Posted by: bmeverett | August 2, 2012

“Private Empire” by Steve Coll (Part 4)

Let’s continue our discussion of Steve Coll’s new book “Private Empire: ExxonMobil and American Power.” As discussed in my previous posts, my basic theme is that Mr. Coll does some excellent story-telling, but much of his analysis is implicit and confused. Let’s take a look at his discussion of ExxonMobil’s reserve statements. This section of the book is perhaps the most puzzling.

Mr. Coll states (quite correctly) that “To protect stock market investors from oil operators that inflated their reserves to boost their share prices, Congress had mandated in the Securities Act of 1933 and the Securities Exchange Act of 1934 that Washington regulators oversee how publicly traded companies reported their numbers.” Mr. Coll acknowledges that ExxonMobil fully met all these legal requirements, using the definitions established by the Securities and Exchange Commission (SEC) in all the company’s reporting. He strongly objects, however, to ExxonMobil’s statements in press releases and analysts’ briefings that the company’s internal reserve assessments are higher than the SEC estimates, a practice ExxonMobil “had gotten away with for many years.” Furthermore, Mr. Coll faults the SEC for doing nothing to “force ExxonMobil to modify its public statements.”

There are two issues here. The first question is what is wrong with stating publicly that you disagree with government accounting practices? If ExxonMobil had falsified its SEC reporting, Mr. Coll would have a point, but they didn’t. Here’s an analogy. Let’s suppose you want to rent an apartment, and your landlord asks for an income statement to demonstrate that you can afford the rent. He specifically asks for your last five year’s federal tax returns. You give him the tax returns which show an annual salary of $25,000. In a cover letter, however, you point out that you also have a stock portfolio worth $200,000 which has grown consistently by 5% per year for the last 10 years. This stock appreciation will not appear on your federal Form 1040 because federal tax laws do not recognize capital gains as income until the asset has been sold. Nonetheless, the growth in your portfolio is a legitimate source of potential income for you should you need it. What could possibly be wrong with giving this information to your landlord in addition to the tax returns?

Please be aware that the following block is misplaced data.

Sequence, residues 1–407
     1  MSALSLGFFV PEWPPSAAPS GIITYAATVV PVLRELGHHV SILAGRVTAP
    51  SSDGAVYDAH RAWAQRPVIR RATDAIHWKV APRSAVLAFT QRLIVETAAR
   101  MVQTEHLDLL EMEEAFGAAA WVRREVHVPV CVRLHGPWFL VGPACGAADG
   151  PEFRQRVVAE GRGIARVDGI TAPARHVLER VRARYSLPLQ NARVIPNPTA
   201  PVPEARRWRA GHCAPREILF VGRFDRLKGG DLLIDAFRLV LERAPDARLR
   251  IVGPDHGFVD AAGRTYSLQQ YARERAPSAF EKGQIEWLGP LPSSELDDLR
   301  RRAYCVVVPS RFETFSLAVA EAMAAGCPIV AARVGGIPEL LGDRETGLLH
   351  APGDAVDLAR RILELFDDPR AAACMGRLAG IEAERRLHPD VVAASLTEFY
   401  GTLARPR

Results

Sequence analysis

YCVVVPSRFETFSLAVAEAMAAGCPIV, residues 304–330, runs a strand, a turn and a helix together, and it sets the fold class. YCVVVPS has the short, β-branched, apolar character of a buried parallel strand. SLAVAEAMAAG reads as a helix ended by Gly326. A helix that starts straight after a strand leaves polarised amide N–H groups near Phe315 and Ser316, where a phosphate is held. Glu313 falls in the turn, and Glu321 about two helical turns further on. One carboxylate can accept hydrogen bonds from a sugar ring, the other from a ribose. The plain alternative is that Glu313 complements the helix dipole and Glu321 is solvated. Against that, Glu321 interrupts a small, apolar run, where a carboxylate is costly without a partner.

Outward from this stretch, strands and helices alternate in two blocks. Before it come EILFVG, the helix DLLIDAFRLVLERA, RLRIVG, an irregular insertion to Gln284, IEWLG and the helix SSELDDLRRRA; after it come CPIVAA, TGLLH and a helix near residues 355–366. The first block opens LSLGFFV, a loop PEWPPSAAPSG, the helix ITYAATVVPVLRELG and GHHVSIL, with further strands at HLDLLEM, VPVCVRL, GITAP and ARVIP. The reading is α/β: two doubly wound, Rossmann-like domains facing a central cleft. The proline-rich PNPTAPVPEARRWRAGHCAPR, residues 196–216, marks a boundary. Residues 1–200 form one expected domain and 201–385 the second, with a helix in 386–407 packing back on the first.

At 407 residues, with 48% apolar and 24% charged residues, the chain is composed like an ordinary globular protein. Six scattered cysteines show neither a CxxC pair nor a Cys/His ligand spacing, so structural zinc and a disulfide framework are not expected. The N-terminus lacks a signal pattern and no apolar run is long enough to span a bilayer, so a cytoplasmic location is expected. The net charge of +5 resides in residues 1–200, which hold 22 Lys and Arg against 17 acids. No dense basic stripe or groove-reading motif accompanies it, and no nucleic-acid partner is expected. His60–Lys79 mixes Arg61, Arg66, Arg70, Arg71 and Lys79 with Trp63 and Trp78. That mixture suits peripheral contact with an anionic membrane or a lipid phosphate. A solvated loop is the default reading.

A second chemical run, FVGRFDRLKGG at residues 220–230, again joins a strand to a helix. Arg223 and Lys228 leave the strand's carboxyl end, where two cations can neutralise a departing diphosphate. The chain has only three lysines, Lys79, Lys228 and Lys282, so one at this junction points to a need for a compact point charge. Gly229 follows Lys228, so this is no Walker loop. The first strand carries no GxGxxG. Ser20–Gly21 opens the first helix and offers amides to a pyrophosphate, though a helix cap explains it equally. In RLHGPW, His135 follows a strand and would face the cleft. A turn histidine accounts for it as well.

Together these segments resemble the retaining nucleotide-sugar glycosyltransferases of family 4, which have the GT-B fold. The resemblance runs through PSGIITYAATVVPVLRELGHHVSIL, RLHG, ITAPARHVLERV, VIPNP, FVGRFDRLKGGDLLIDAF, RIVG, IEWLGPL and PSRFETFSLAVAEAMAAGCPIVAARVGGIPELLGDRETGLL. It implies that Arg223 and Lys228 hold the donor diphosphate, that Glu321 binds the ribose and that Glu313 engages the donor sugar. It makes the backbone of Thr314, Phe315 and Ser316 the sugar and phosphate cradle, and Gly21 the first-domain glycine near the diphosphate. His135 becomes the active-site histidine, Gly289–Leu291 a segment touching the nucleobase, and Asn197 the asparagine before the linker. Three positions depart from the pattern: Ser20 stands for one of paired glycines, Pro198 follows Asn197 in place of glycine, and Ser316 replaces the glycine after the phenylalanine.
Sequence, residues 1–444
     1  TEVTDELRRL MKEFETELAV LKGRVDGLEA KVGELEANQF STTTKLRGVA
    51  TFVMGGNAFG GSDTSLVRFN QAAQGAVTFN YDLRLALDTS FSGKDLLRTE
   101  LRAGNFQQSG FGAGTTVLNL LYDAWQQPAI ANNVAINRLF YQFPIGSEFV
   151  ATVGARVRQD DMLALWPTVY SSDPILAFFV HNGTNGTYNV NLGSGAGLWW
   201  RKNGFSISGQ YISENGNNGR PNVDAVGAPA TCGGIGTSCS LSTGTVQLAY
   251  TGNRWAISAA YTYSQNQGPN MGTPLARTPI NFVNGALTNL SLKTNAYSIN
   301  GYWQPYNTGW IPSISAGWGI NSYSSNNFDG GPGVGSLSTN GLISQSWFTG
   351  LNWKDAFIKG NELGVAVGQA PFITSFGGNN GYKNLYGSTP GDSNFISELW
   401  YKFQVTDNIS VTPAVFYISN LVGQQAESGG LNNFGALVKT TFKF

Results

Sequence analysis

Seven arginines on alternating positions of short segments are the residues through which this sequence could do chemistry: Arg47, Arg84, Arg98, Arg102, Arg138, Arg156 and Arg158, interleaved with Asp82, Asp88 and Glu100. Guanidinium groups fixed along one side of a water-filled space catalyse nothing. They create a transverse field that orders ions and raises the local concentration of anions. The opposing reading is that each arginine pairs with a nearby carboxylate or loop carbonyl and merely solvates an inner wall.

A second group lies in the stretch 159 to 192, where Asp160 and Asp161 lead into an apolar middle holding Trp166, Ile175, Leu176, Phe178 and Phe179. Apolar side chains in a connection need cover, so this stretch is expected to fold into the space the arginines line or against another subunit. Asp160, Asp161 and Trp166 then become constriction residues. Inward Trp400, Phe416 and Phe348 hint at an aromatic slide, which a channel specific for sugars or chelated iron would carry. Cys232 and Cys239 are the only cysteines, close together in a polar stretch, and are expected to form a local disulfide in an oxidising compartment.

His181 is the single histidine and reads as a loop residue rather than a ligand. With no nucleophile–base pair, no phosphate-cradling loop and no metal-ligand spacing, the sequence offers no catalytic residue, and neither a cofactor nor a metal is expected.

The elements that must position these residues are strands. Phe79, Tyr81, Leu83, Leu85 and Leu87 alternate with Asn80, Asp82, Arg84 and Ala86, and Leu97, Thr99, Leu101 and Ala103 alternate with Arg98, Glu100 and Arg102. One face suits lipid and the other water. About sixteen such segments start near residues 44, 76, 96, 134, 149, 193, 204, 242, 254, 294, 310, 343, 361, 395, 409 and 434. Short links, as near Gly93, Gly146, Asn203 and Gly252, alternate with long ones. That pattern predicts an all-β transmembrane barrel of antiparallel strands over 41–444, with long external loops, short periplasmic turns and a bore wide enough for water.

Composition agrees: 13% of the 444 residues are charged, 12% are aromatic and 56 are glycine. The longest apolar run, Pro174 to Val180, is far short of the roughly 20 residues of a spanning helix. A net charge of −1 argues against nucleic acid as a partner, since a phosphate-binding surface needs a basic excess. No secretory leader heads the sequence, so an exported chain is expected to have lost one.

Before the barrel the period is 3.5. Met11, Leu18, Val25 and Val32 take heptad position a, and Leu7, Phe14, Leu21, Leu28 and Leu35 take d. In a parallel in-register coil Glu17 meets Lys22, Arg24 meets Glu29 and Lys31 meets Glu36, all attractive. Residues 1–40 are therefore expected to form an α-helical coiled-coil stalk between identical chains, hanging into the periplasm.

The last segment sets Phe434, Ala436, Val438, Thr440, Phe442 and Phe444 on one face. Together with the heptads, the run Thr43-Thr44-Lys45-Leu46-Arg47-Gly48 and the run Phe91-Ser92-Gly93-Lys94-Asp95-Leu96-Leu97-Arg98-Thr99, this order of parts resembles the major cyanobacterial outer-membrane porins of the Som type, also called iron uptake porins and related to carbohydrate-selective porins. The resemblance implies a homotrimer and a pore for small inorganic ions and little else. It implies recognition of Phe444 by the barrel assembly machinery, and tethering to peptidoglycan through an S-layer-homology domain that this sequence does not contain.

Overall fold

The second issue is whether the SEC rules for calculating reserves are correct. As Mr. Coll notes, under SEC rules “certain forms of oil, such as bitumen or oil sands extracted by techniques that resembled mining, could not be counted.” ExxonMobil’s internal reserve estimates include these very real and profitable types of oil production. Why does Mr. Coll assume that the SEC definition is correct? After all, the purpose of government-mandated disclosure is to give investors a clear picture of the company’s earnings, assets and operations. In 2011, ExxonMobil produced an average of 2,311 thousand barrels per days of liquids worldwide. This total is broken down in detail on page 42 of ExxonMobil’s 2011 Financial and Operating Review, which is a public document. The total includes 120 thousand barrels per day of bitumen from Canada and South America. Investors are free to consider that business segment as a positive or a negative or to ignore it altogether. Mr. Coll’s position seems to be that investors should be kept ignorant of the reserves and production potential associated with that asset. How do investors benefit from that?

Why doesn’t the SEC include bitumen and oil sands in reserve definitions? The answer is that the government is simply behind the times, using reserve definitions that were developed before the synthetic oil industry had really taken off. In this matter, ExxonMobil’s reserve accounting is clearly superior to the SEC’s accounting, and investors are better off being advised of the two different approaches.

Here, in summary, is the basic problem with Mr. Coll’s book. He makes a series of accusations of inappropriate behavior against ExxonMobil and implies that these actions demonstrate that ExxonMobil is somehow an irresponsible company. Although he never uses those words, the title of the book is telling. What he fails to do is either to establish any clear standards for corporate social responsibility or to demonstrate that ExxonMobil has behaved other than as a commercial entity following the laws, operating to the highest ethical standards and providing a legitimate return to its shareholders. Reading this book, one gets the impressions that Mr. Coll believes that a responsible corporation is essentially an arm of the state following governmental guidance and supporting government policy. That would make ExxonMobil as successful as the Post Office.


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